Comparison of the Effect of Non-Ionic and Ionic Contrast Agents on Pancreatic Histology in a Canine Model

Context Pancreatitis is the most frequent complication of endoscopic retrograde cholangiopancreatography. Controversy exists whether low osmolarity non-ionic contrast agents lessen the rate of pancreatitis and pancreatic injury. To evaluate we used a canine model to compare pancreatography performed with ionic and non-ionic contrast. Design Dogs were anesthetized and underwent open transduodenal cannulation of the main pancreatic duct under fluoroscopic control until complete acinarization was achieved to maximize injury. Three dogs received diatrozate, an ionic contrast agent with osmolarity of 1,415 mosM and three dogs were injected with omnipaque a nonionic agent with osmolarity of 672 mosM. Main outcome measures Serial amylase and white cell counts were followed for 48 hours at which time dogs were sacrificed. Each pancreas was then examined for evidence of pancreatitis and cellular injury with both light and electron microscopy. Results All animals developed significant hyperamylasemia and elevated white blood cell counts, without significant difference in the mean peak amylase (10,721 U/L vs. 9,367 U/L, P=0.876) or white cell counts (25.8 k/mL vs. 24.1 k/mL, P=0.586) between the ionic and non-ionic contrast groups. Light microscopy showed no evidence of pancreatitis in either group of dogs. Electron microscopy showed cellular injury of the ductal cells in two dogs injected with nonionic contrast. Conclusion In a pancreatic canine model, low osmolarity, non-ionic contrast does not appear to lessen cellular injury.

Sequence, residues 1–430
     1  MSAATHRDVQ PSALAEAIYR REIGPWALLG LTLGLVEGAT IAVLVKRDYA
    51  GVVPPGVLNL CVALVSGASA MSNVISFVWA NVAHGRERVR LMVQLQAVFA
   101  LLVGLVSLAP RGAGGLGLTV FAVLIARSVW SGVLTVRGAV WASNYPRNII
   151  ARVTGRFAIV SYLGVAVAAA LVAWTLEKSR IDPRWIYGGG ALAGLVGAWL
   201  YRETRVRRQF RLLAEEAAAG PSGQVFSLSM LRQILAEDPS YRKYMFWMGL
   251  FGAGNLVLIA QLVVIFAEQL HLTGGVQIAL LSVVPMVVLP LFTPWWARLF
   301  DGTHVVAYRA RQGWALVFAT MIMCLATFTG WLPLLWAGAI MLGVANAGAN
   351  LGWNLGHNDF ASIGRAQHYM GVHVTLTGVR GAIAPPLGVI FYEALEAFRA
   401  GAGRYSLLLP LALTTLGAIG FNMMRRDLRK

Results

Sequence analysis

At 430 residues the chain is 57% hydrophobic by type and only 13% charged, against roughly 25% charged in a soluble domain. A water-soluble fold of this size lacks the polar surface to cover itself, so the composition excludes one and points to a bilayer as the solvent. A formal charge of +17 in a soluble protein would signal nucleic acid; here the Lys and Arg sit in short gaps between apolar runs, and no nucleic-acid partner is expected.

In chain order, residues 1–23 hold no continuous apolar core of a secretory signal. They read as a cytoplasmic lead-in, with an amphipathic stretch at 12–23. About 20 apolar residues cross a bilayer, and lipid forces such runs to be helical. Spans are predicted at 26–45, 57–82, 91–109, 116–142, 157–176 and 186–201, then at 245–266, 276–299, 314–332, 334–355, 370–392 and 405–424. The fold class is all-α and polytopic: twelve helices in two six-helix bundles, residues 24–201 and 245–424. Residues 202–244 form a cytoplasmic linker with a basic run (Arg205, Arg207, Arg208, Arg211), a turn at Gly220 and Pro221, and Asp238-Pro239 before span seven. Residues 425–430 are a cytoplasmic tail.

Patrick R Pfau, Robert G Mosley, Adnan Said, Deepak V Gopal, Michael C Fischer, Mark Reichelderfer, Terry Oberley, John Weiss, Fred T Lee Jr, Devon Eckoff

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